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Rachel Gold and Elizabeth Nash

Guttmacher Institute

Rachel Benson Gold joined the staff of the Guttmacher Institute in 1979 and currently holds the position of Director of Policy Analysis and Washington Office Operations in the Institute's Public Policy Division. Her expertise is on the role of the public and private sectors in financing reproductive health care. Ms. Gold is the author of several reports and articles in the field of reproductive health and recently completed an analysis of the critical role of Medicaid in providing publicly funded family planning services.

Elizabeth Nash is a Public Policy Associate in the Guttmacher Institute's Washington DC office. She coordinates the efforts of the state team, which analyzes legislative, regulatory and judicial actions on reproductive health issues and develops Guttmacher's monthly State Policies in Brief series and update of state policy developments. Ms. Nash joined the Institute in 1999.


All Work

State Legislative Trends 2006

Rachel Gold and Elizabeth Nash

Rachel Benson Gold is the Guttmacher Institute's Director of Policy Analysis and Elizabeth Nash holds the position of Public Policy Associate. Both work in the Institute's Washington-based Public Policy Division.

Literally hundreds of bills relating to reproductive health and rights get introduced in state legislatures every year. While most of them never make it all the way through the legislative process, several dozen usually do become law—and it is crucial for SRH advocates to be aware of the trends in state legislatures, both positive and negative.

Over the course of 2006, 29 states enacted a total of 62 new laws addressing a wide range of reproductive health and rights-related concerns. Although this represents nearly 20% fewer laws than the 78 enacted in 2005, it follows a long-standing pattern of lessened activity in even-numbered years that may be largely due to circumstances unrelated to reproductive health politics: 21 states only address budget bills—the locus of much reproductive health policymaking—in odd-numbered years, and legislatures in six states convene only in odd-numbered years. This analysis addresses enacted laws related to abortion (26 new laws), contraception (11) and statutory rape reporting (3).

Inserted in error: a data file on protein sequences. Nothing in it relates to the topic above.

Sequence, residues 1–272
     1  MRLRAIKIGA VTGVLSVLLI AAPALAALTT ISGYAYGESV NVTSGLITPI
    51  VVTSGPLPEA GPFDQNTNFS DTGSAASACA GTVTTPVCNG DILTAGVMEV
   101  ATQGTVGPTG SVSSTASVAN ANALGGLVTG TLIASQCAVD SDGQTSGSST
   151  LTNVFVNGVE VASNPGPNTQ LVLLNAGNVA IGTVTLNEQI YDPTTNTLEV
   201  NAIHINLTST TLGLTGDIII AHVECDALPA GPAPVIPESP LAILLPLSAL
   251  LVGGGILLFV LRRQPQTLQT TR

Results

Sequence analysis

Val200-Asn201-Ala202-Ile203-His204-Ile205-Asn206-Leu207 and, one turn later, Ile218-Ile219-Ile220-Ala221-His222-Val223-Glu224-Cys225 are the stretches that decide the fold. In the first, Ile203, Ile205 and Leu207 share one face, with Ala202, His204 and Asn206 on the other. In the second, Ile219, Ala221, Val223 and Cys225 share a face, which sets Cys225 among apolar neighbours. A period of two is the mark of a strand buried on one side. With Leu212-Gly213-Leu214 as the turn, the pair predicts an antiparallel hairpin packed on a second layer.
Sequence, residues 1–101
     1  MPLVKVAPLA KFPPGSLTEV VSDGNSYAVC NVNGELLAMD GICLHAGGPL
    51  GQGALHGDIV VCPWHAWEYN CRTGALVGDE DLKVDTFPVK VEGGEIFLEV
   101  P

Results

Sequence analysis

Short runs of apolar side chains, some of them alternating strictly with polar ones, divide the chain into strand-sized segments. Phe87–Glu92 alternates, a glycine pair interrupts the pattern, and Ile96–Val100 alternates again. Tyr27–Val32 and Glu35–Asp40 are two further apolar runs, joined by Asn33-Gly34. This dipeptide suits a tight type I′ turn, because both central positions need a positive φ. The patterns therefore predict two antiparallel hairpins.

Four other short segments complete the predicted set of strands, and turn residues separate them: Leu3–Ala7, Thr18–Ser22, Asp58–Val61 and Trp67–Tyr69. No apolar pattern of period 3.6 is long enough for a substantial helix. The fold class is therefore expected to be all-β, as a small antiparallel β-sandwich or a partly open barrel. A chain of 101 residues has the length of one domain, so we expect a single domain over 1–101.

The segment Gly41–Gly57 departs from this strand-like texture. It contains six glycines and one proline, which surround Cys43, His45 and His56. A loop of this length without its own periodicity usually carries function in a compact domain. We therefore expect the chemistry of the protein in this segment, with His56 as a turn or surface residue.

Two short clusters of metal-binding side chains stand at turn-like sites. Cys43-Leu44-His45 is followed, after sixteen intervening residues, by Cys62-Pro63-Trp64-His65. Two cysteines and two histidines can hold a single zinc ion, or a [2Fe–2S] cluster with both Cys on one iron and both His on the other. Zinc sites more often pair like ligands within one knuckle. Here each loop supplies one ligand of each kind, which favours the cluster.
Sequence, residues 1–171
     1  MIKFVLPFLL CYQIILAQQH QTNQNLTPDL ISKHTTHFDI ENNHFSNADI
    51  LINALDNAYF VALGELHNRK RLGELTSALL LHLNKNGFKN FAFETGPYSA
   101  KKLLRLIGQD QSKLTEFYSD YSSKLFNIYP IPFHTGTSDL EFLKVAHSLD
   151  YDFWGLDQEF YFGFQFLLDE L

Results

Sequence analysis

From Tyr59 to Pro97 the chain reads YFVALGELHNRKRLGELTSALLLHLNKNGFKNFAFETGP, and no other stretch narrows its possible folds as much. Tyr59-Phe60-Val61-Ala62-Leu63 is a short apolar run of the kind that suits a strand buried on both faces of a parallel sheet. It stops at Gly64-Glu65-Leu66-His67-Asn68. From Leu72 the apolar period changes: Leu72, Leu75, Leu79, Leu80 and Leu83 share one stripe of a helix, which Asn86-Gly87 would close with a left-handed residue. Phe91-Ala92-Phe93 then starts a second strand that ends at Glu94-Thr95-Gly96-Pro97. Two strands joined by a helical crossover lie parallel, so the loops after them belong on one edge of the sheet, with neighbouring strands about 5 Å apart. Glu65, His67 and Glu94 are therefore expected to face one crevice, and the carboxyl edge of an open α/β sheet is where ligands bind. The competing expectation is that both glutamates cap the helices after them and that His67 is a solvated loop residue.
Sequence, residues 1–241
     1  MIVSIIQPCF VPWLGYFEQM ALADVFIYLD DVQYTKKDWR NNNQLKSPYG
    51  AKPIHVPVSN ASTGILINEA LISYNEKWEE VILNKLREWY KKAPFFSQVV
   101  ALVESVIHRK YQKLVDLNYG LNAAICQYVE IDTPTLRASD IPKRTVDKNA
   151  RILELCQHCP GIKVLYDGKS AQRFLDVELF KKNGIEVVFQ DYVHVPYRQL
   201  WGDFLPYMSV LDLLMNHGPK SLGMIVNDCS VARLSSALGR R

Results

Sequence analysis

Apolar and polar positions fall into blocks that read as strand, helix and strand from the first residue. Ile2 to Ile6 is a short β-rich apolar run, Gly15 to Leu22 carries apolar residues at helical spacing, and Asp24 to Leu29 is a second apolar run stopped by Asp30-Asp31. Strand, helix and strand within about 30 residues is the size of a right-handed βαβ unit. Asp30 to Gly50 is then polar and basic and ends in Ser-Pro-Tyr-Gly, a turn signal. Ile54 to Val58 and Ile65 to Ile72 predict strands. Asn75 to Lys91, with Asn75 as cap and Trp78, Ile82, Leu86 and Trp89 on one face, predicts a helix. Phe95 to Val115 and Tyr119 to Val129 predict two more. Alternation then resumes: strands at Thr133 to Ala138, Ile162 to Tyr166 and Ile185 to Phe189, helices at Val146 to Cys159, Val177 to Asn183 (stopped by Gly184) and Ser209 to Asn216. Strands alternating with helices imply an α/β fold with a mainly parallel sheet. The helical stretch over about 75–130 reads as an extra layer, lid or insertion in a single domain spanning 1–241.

The States in 2006 — Light and Shadow

Rachel Gold and Elizabeth Nash

Editor's note: This blog post is coauthored by Rachel Benson Gold and Elizabeth Nash. 

Rachel Benson Gold is the Guttmacher Institute's Director of Policy Analysis and Elizabeth Nash holds the position of Public Policy Associate. Both work in the Institute's Washington-based Public Policy Division.

Nothing is certain in life but death and taxes, and maybe the fact that the world of reproductive health can always be counted upon to generate plenty of excitement. For those of us who make a living following reproductive health issues at the state level, 2006 is no exception - with high-profile events like the referendum on South Dakota's abortion ban or the ballot initiatives on parental notification for abortion in California and Oregon only the tip of the iceberg.

So what all has been happening so far in 2006? By the beginning of October, just over 1,200 bills on topics related to sexual and reproductive health had been introduced in the 50 state legislatures-and 107 new laws had been enacted in 37 states.

But even as reproductive rights continue to come under attack in a number of states, state-level advocates and national organizations are working to protect and increase access to reproductive health care. As a result of their work we also have many positive developments to report.

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